Story, Art: Jeff Lemire
Colours: Jose Villarrubia
There’s a certain sense of intimacy that comes through whenever an independent comic creator handles both the art and writing duties on a comic. When Eisner-nominated Jeff Lemire (Essex County Trilogy) moved to Vertigo, these indie sensibilities thankfully remained intact in The Nobody, an eerie homage to The Invisible Man. Sweet Tooth is no different; it’s a post-apocalyptic oddity that feels at home beside Vertigo’s best, but still bears the personal touch of an artist whose intention is to tell an enchanting story rather than appeal to the mainstream.
In a near future where much of humankind has fallen to a mysterious illness, bizarre boy/deer hybrid Gus resides in the centre of Nebraska State Wilderness Sanctuary with his protective but ailing father. He’s repeatedly told never to stray too far from their cabin, as Gus’s kind has been hunted to near extinction. But when Gus’s father inevitably passes away, Gus is taken from his serene habitat by drifter Tommy Jepperd, whose intentions are ambiguous until the final few pages of ‘Out of the Deep Woods.’
Lemire masterfully introduces this barren landscape to us through Gus’s broken narration. Gus is an innocent child whose view of the world is so narrow that when he finally leaves the park he’s as clueless to what dangers civilisation holds as us readers. What caused this virus? What caused the survivors to give birth to mutant hybrids shortly after the virus struck? And, crucially, why does Gus’s father tell him that he was born before the virus? There’s never the sense that Lemire lacks a grasp on the haunting epic he’s telling. He’s a confident enough storyteller to let the narrative unravel in its own time.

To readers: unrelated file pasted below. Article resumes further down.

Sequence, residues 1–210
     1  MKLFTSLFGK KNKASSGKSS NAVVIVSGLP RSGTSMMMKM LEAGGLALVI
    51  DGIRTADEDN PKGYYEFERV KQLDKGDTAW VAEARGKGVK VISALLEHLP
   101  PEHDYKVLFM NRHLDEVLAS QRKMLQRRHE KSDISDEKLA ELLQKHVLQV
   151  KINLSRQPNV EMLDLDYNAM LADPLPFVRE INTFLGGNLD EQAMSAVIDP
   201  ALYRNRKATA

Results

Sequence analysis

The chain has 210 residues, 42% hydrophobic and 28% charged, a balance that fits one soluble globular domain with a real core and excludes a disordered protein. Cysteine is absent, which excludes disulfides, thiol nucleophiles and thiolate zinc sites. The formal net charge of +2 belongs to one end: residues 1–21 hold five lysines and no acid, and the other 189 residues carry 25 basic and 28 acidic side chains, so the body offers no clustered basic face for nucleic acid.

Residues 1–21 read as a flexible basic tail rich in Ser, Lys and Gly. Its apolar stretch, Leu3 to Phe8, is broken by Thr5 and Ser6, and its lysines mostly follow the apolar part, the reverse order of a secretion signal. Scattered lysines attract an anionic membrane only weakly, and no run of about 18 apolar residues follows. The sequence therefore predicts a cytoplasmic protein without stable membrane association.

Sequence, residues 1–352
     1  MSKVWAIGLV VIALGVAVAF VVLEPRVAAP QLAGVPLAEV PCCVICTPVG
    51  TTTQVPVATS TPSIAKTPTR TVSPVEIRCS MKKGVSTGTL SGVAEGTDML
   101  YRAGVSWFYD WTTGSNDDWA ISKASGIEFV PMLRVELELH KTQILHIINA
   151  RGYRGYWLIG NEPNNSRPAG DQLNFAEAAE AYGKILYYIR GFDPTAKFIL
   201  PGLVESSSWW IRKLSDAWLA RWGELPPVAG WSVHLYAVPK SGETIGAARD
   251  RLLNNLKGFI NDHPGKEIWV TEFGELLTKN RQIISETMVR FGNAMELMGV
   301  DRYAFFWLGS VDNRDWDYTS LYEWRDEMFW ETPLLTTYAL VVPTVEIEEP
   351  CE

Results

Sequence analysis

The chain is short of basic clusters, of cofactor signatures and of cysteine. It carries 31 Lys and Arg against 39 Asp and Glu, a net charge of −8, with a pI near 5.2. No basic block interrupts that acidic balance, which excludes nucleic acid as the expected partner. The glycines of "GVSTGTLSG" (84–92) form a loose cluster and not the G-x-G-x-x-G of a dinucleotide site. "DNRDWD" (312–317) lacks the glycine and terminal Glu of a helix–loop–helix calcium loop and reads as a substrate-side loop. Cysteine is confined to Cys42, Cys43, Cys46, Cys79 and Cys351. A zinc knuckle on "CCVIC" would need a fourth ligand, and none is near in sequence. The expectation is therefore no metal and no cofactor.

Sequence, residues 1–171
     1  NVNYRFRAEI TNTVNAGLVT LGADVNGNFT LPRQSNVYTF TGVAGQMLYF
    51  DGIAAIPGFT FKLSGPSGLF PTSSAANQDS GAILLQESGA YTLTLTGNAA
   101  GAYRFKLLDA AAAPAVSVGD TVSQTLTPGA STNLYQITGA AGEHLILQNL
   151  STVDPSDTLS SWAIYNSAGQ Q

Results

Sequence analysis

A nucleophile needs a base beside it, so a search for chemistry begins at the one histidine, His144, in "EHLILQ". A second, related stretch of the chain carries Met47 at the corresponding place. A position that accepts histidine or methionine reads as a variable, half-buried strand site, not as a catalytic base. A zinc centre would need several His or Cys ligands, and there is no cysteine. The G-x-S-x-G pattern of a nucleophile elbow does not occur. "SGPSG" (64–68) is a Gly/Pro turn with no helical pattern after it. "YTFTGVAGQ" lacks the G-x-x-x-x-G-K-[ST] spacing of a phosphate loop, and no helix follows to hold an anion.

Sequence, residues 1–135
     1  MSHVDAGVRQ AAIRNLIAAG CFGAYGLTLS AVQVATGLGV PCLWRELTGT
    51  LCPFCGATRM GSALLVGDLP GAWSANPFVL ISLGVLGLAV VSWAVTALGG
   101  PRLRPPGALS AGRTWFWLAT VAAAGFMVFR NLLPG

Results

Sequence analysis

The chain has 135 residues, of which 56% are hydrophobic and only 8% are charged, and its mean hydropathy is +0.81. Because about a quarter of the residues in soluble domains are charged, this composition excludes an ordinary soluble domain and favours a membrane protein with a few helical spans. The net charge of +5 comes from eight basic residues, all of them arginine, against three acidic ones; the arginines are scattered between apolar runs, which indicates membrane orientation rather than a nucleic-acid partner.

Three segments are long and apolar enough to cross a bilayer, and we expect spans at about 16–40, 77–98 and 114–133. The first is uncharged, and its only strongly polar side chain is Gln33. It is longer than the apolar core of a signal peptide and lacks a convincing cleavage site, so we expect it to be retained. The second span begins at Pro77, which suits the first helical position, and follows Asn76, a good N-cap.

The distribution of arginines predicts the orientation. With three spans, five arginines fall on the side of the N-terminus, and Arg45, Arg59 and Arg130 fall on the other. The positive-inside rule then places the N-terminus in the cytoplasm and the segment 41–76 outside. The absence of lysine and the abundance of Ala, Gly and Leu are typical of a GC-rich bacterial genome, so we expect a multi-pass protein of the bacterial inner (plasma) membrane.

Gus’s narration itself is superb. So many comic book writers attempt to capture the mindframe of an illiterate freak/mutant/animal/robot, and the result seldom rises above embarrassing child-talk. Lemire writes Gus as someone who is not stupid but new to the world; the ruined Nebraska still induces a sense of wonder in the horned boy, and his trust in the sinister Jepperd is so wholesome it almost hurts.
Lemire’s art is also quite unique, depicting a world that is seemingly empty but always treacherous, sterilised yet chaotic. Other than a group of masked marauders Gus and Jepperd briefly encounter there’s little in the way of clichéd imagery that has propped up post-apocalyptic fiction ever since A Boy and His Dog and Mad Max.
So, a great start to what looks to be another classic Vertigo series, then. Jeff Lemire pretty much delivers the perfect introduction to Sweet Tooth’s world. Lemire himself has described this series as “Bambi meets Mad Max”, but ‘Out of the Deep Woods’ shift in tone actually reminded me more of David’s journey in Spielberg’s A.I. than either of those movies. Only without Jude Law and the dumb aliens, hopefully.